Inspection report points to water protocol deficiencies


A report coming to council Monday indicates the city’s water distribution system had compliance issues, albeit relatively minor, dating back to a boil water advisory issued in September of last year.

The risk to the drinking water supply was minimal, however the Ministry of the Environment water inspection report is significant in that it may prove a precursor to events emanating from two boil water advisories issued in August and September of this year.

The MOE report, issued after a May 11, 2010 inspection of the city’s water distribution system, found three non-compliance issues which did not meet regulatory requirements. Nevertheless, the final inspection rating was 94.44%.

It is the nature of the non-compliance issues that is disturbing — issues that point to weaknesses in or an absence of clear protocol for the management of the water distribution system.
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Boil water advisory players caught betwixt and betweet

Put aside the finger pointing for a moment, here’s what really came down the pipe in the aftermath of last week’s boil water advisory.
Neither the city nor Elgin St. Thomas Public Health can keep up with today’s lightning-fast social networking.
If you remember, it was Ald. Heather Jackson-Chapman first out of the gate late in the afternoon of Aug. 19 with her tweet advising all followers of the need to boil your drinking water.
This was fully two hours before the general advisory was made public on the city website. That’s because the city and the health unit have not bought into instant communications.

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False alarm on boil water advisory proves public well protected – Elgin St. Thomas Public Health

It’s been a week since the boil water advisory and Elgin St. Thomas Public Health has finally checked in with their post mortem on the course of events.

Monday at city hall, Mayor Cliff Barwick stressed the city notified the health unit at 4:30 p.m. on Aug. 19. He went on to note, “Now, at that point, our obligations to notify the health unit had ended. From then on, the ball was in the court of the health unit, and we will do everything we possibly can to assist them.”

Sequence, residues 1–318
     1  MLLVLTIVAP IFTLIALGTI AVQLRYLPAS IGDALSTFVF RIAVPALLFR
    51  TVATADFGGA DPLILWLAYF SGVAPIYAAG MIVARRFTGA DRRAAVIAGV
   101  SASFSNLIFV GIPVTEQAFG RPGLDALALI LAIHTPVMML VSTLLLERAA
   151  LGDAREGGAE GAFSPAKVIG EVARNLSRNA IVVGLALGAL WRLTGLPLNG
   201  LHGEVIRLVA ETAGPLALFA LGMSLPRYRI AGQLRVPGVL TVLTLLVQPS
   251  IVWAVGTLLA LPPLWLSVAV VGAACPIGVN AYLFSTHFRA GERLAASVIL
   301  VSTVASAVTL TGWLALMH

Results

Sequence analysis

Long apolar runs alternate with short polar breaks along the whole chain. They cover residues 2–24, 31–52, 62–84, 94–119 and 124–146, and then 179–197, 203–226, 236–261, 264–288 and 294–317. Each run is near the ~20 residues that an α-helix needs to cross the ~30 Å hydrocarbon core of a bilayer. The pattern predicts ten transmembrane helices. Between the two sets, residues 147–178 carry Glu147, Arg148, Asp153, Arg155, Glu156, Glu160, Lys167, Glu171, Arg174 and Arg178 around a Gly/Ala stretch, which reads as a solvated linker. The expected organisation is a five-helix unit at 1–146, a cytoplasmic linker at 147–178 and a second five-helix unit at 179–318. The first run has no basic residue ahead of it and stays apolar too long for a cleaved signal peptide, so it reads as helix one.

In her media release issued today, Aug. 26, Laura McLachlin, director of the health protection department, advises “the health unit is not responsible for notifying users of the drinking water system. That remains the responsibility of the water system operator working for the municipality.”

That is the case, but as Barwick emphatically pointed out at city hall, “And this is perhaps where some improvements in protocol could be made.”

A review of the role of all partners can’t come soon enough.

Here is the full media release from Elgin St. Thomas Public Health

The boil water advisory – the next step for Central Elgin

Central Elgin Mayor Tom Marks bristled each time St. Thomas Mayor Cliff Barwick referred to his municipality and Southwold as clients and not neighbours during Monday’s post water advisory media conference. Water wasn’t the only thing boiling during the 24 hours the advisory was in effect. Marks joins Barwick in calling for a review of procedures, most especially communication, in the wake of the largest boil water advisory ever issued in the area. Here are comments from Marks release on Aug. 25 Boil Water Advisory The Next Step

Lessons learned from the boil water advisory in St. Thomas, a full transcipt of Mayor Cliff Barwick’s message

Here is the full transcript of Mayor Cliff Barwick’s press conference Monday, Aug. 23, 2010 at city hall in response to the boil water advisory issued Aug. 19 and lifted the following evening. Barwick opened by explaining why a state of emergency wasn’t declared and instead a low-risk advisory was issued.

A state of emergency activates a controlled group of a number of people, and brings together in the community a number of resources. These resources include fire, police, ambulance, social services, certain other social agencies, other groups and of course there is automatically put in place a phone protocol.

In this particular situation, this is the first time in the history of the City of St. Thomas where we did not have a state of emergency but we had something that affected the city in a city-wide sense.

The state of emergency – at no time did I receive any advice from the administration, from the emergency measures officer, from the health unit or the medical officer of health to declare a state of emergency. I certainly would not to that on my own. I would only act upon that type of advice.
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